I am also a strong believer in the benefits of cross-disciplinary thinking. The disciplines outside of engineering, in particular the humanities and social sciences, have a lot to teach us about critical discourse, and my goal is to develop opportunities for our Hajim students to engage in such discourse, to have students explore opportunities they won’t readily have once they leave the University.

I believe that all educated citizens in the 21st century, regardless of major or intended career, need to have an understanding of technology, of data analysis, system design, and computer systems, and we are currently working on developing new courses and clusters that will hopefully attract non-engineers to become educated in these important skills.

Research in engineering is vital to moving society forward. From improving health care and wellbeing, to creating more sustainable forms of energy, to enhancing national and international security, to developing new materials, engineering research at the University of Rochester has and will continue to propel us forward. At the Hajim School we have begun some important new research initiatives that I am excited to charge ahead with in the coming years.

In particular, our Data Science Initiative has already made strides in developing novel advances in health analytics, artificial intelligence and cognition, and robotics. Building on our strong collaborations with the medical center, work being done to create a “Health Lab” promises to transform the way we monitor and develop health and healthcare solutions in the future. Rounding out our collaborative work with the medical center, new initiatives in neuroengineering promise to create new ways to enhance or replace neural systems that have been impaired.

In other areas, working collaboratively with the Laser Lab for Energetics, we are developing a new initiative in high energy density physics, capitalizing on our unique ability to create and study the conditions found during planet formation and evolution.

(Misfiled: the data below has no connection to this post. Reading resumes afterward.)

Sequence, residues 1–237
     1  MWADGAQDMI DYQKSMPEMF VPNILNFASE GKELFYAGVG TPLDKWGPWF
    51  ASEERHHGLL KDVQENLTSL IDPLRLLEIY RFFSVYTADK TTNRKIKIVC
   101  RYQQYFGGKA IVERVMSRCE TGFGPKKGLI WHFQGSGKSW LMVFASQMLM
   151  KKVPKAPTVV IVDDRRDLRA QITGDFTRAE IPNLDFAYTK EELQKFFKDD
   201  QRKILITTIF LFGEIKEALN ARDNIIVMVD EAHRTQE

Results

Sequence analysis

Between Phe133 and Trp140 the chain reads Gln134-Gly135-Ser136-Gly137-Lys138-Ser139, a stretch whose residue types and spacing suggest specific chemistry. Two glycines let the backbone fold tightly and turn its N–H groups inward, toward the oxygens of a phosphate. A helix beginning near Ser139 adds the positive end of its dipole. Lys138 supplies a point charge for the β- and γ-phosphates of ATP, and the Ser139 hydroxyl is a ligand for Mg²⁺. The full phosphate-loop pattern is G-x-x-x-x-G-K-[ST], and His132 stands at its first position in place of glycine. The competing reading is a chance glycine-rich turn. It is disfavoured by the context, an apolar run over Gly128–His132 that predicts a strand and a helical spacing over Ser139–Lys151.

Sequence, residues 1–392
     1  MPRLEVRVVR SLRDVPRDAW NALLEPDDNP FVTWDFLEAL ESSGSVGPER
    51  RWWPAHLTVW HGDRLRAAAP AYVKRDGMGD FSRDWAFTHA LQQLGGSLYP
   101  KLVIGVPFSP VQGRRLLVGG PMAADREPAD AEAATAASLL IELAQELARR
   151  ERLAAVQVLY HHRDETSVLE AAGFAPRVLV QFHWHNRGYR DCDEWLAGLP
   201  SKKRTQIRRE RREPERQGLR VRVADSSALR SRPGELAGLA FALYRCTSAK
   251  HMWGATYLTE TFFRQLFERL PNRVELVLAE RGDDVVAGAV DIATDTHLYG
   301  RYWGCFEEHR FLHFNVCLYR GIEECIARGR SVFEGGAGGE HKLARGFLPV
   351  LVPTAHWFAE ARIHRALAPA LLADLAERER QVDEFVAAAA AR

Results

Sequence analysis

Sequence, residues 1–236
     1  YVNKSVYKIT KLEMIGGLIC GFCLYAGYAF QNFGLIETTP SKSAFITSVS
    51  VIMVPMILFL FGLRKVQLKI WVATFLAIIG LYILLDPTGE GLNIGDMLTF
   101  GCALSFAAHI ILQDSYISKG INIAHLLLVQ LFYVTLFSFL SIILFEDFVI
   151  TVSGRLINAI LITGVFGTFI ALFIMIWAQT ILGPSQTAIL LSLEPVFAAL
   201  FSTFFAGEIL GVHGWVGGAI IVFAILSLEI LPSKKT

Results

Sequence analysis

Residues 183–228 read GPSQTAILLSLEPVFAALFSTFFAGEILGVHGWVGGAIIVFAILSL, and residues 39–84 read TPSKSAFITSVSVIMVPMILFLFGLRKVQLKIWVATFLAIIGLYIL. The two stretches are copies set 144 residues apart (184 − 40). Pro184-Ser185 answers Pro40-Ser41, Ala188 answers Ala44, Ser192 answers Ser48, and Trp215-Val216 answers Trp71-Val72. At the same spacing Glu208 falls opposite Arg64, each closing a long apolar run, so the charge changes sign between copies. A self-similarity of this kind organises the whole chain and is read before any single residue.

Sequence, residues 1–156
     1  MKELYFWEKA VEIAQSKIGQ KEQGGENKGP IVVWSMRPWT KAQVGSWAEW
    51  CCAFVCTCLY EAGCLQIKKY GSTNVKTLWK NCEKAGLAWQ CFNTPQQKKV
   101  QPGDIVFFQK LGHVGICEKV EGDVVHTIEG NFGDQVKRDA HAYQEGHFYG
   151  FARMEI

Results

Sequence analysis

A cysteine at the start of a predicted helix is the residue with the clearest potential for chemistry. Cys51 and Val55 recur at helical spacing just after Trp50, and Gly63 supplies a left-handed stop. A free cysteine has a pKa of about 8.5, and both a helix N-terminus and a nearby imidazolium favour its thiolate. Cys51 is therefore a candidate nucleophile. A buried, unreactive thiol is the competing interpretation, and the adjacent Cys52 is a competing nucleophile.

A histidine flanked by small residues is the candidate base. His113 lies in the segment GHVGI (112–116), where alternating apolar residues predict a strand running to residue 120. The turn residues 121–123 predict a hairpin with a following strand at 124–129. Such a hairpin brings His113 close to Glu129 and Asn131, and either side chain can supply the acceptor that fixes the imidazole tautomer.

We will continue to forge novel techniques in the area of Optics and Photonics, building on our traditional strengths as well as new directions in these areas. One example is a new initiative to develop augmented and virtual reality systems that will have major impact in how we deliver information to users.

And notwithstanding the human side of technology, we are continuing to develop novel media technologies, including audio, music, image and video.

These initiatives are going to be key not just to the future of the Hajim School and the University of Rochester, but also to the future of society.

Before I conclude, I need to thank some people who have been so important in my career and in my life. The current and former Deans in Arts, Sciences and Engineering, Peter, Gloria, Rob, David, Rich, Melissa and Joanna, have been incredible partners and mentors throughout my past 8 years in administration. I could not ask for a better group to work with day in and day out.

The Hajim Senior Leadership Team and Dean’s Office staff have been instrumental in getting me up to speed in my new position.

I thank my colleagues in the department of Electrical and Computer Engineering, for all of the discussions and collaborations through the years.

My parents, in-laws, sisters and sister-in-law and their families, have been supportive of everything I have done and have been and continue to be a source of inspiration to me. I am so very lucky to have them all in my life and am so glad that many of them are here today.

And finally, last but certainly not least, I thank my family, my husband Steve and my kids Nate and Molly. Nate and Molly have grown into incredibly kind, smart, funny and loving kids, and they have ensured that I really do find that all important work-life balance. I am so proud of them, and I am so thankful to come home to them every day. My husband Steve has been my rock since the day we first met freshman year at Cornell. Steve believes in me and he has supported me in everything I have done with my career. Most importantly, he keeps me grounded and ensures that our lives are filled with love, laughter and endless traveling and sailing adventures.

To conclude, I’ve always loved our school’s motto, Meliora, which means “ever better.” To me, Meliora is about taking time to recognize, appreciate, and really celebrate how far we have come, yet always keeping an eye on where we want to go. I have no doubt that the spirit of Meliora is alive and well in the Hajim School, and I look forward to working with our students, faculty, staff, alumni and friends to achieve ever better research and educational opportunities. It is an all-important quest, the very reason for our existence, and I have no doubt we will succeed!